He wished he had a clock, or a phone, or anything to mark the passage of time. He thought it usually took him three-quarters of an hour to work his way through a single letter, but it varied based on the number of unfamiliar words and bizarre grammatical constructions the priest used. Since he’d lit the fire, he’d translated three letters. It was probably around midnight, then.
Khirkara woke suddenly, with no idea how much time had passed. He’d drawn his feet up into the chair and jammed his knees up against his chest, wrapping his arms over the top of the open case-book. His head spun. He’d left the fire burning—he was a moron—but no sparks seemed to have made it past the fire-screen—
Both of the pages the epistolary had been open to were bent. They’d been folded over when he pulled the book close to him in sleep. Khirkara groaned.
Before dressing to go outside, he spent a careful ten minutes pressing the pages back into the proper shape and then stacking a number of heavy volumes on top of the closed case-book, silently cursing himself all the while. Paper was never quite right after it had been creased.
This time, he used the torch as much to illuminate the compass as his path. When he climbed up the embankment to the road, it was still dark, but he wasn’t sure if that was because he hadn’t strayed so much or because he’d accidentally started his journey several hours earlier.In any case, Khirkara had already been walking along the side of the road for a quite a while when the sky went blue and the sun started to come up.
The truck that stopped for him was a small one. The driver was an Indian woman wearing a work coat over her sari and an enormous fur hat.
“Spring onions,” she said, when he looked curiously into the back. He could see several hundred stacked plastic flats through the rear window. “All the restaurants are clamoring for them right now.”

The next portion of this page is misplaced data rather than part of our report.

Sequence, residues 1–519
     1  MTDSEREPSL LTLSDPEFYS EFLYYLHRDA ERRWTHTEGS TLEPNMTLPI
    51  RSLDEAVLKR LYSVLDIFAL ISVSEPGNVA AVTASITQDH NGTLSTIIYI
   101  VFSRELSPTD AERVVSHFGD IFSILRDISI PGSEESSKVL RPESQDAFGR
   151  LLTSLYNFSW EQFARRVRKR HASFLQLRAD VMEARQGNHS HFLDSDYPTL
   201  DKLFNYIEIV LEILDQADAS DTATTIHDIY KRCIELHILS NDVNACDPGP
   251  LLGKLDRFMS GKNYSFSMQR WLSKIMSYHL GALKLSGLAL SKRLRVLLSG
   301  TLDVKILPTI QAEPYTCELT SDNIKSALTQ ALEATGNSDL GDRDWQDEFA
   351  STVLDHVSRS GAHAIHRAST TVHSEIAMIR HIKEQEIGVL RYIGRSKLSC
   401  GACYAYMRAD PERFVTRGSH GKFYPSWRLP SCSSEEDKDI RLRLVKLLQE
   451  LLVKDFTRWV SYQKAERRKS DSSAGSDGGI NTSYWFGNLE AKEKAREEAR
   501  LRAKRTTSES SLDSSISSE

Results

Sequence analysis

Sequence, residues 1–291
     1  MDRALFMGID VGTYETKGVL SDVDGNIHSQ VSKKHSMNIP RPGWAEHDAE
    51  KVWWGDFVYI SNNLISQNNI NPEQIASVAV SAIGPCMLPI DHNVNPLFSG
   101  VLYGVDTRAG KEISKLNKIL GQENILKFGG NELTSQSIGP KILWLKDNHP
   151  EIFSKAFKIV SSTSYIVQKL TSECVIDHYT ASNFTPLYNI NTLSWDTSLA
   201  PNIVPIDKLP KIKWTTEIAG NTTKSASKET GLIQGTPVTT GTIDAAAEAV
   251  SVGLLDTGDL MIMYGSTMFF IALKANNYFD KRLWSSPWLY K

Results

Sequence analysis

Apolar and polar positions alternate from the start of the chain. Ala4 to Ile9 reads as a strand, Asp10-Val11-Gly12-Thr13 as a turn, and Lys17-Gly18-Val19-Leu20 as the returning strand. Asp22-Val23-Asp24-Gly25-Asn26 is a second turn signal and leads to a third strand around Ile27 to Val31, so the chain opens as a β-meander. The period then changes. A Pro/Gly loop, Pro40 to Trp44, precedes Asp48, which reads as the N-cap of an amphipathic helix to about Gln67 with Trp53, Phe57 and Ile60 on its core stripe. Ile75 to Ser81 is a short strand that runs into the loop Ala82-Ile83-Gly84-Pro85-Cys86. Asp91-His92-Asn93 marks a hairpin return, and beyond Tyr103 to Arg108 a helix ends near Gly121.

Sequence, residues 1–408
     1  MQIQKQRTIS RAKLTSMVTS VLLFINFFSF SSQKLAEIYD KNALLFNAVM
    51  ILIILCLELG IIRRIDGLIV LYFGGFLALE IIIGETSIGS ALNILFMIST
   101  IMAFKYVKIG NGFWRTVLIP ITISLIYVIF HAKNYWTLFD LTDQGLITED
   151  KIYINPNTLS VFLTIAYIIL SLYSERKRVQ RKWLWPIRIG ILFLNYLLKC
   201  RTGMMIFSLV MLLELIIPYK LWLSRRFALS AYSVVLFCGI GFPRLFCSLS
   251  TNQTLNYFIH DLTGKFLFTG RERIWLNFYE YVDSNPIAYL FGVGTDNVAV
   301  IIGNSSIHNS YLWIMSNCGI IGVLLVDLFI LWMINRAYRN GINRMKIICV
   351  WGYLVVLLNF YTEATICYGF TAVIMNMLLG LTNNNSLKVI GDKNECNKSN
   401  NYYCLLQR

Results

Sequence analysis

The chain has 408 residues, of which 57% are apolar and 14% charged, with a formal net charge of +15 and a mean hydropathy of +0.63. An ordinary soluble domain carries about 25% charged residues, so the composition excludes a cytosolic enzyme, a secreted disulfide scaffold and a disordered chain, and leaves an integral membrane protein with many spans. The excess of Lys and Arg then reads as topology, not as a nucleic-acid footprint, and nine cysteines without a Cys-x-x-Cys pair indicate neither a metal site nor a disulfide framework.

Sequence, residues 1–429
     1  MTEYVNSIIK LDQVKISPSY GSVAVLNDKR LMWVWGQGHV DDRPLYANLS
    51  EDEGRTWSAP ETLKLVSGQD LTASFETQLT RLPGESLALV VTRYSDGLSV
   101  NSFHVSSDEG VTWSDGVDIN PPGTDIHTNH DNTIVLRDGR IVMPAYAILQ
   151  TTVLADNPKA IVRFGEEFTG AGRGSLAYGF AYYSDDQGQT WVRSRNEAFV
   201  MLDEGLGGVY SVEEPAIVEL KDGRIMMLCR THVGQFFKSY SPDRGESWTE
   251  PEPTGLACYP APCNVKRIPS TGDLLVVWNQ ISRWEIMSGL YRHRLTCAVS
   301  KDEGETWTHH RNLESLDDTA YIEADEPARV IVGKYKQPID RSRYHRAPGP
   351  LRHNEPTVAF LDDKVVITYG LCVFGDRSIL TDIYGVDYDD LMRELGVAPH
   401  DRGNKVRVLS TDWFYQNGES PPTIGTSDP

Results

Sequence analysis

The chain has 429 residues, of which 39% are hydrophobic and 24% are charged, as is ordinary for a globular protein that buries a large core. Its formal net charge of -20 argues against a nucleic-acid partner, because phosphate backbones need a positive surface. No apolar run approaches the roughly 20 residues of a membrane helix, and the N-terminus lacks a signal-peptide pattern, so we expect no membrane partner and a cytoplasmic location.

She was only a little older than him and very talkative. Once she had determined that he had studied at university, she interrogated him about the applications process and his sponsors. It eventually came out that her younger sister was hoping to do maths in Caillon. Their village priest, being from a herding family herself, had no idea how one went about getting a university education. Khirkara told her everything he could think of, and she repeated all the names and addresses he told her several times. When they arrived in Vailga, she agreeably left him on the edge of his old neighborhood, a few streets over from where the expensive bakery sold honey cakes.
Khirkara made the trip to the bakery faster than he had gone into and out of Chetelur Square. The thought of someone he knew recognizing him made the bile rise in his throat. Bad enough that he might be seen in this threadbare, mud-splattered coat; what if someone asked him about his studies? What if someone asked about Khirlaion and Khirhebek?
The blue box with the silver emblem now cost forty-five dinar. The bakery assistant gave his shabby appearance a shrewd once-over, but he didn’t question the validity of Khirkara’s hundred-dinar note. Khirkara counted his change twice when he was outside.
The stationery shop by the university was being opened just as he arrived, the box wrapped in brown paper under his arm. They had pulp-paper notebooks, three for a dinar. He bought fifteen of them and three packages of pens for another two. Feeling very extravagant and slightly giddy from lack of sleep, he spent six more dinar on a fountain pen and a bottle of ink. His mother had always used a fountain pen for her accounts; she said the reservoirs were easier to keep thawed.
Khirhebek opened the door at the apartment. He looked very tired, but his face split into a real grin when he saw Khirkara.
“In,” he said. “I’ve got dumplings.”
Khirlaion and Anasi, he told Khirkara as he put water on to boil, were out visiting some of Anasi’s old friends. When Khirkara looked at the cupboards on either side of the stove, he saw that they were newly full of tins and boxes, including some things he had never seen in this apartment: a bottle of dark green olive oil. A tin of drinking chocolate. A large bag of sugar.
Khirhebek saw where he was looking and went a little red. “The drinking chocolate was a gift from Wongsasraz to Khirlaion,” he said. “But I went a little mad when I added up my first week of tips from the tea house.”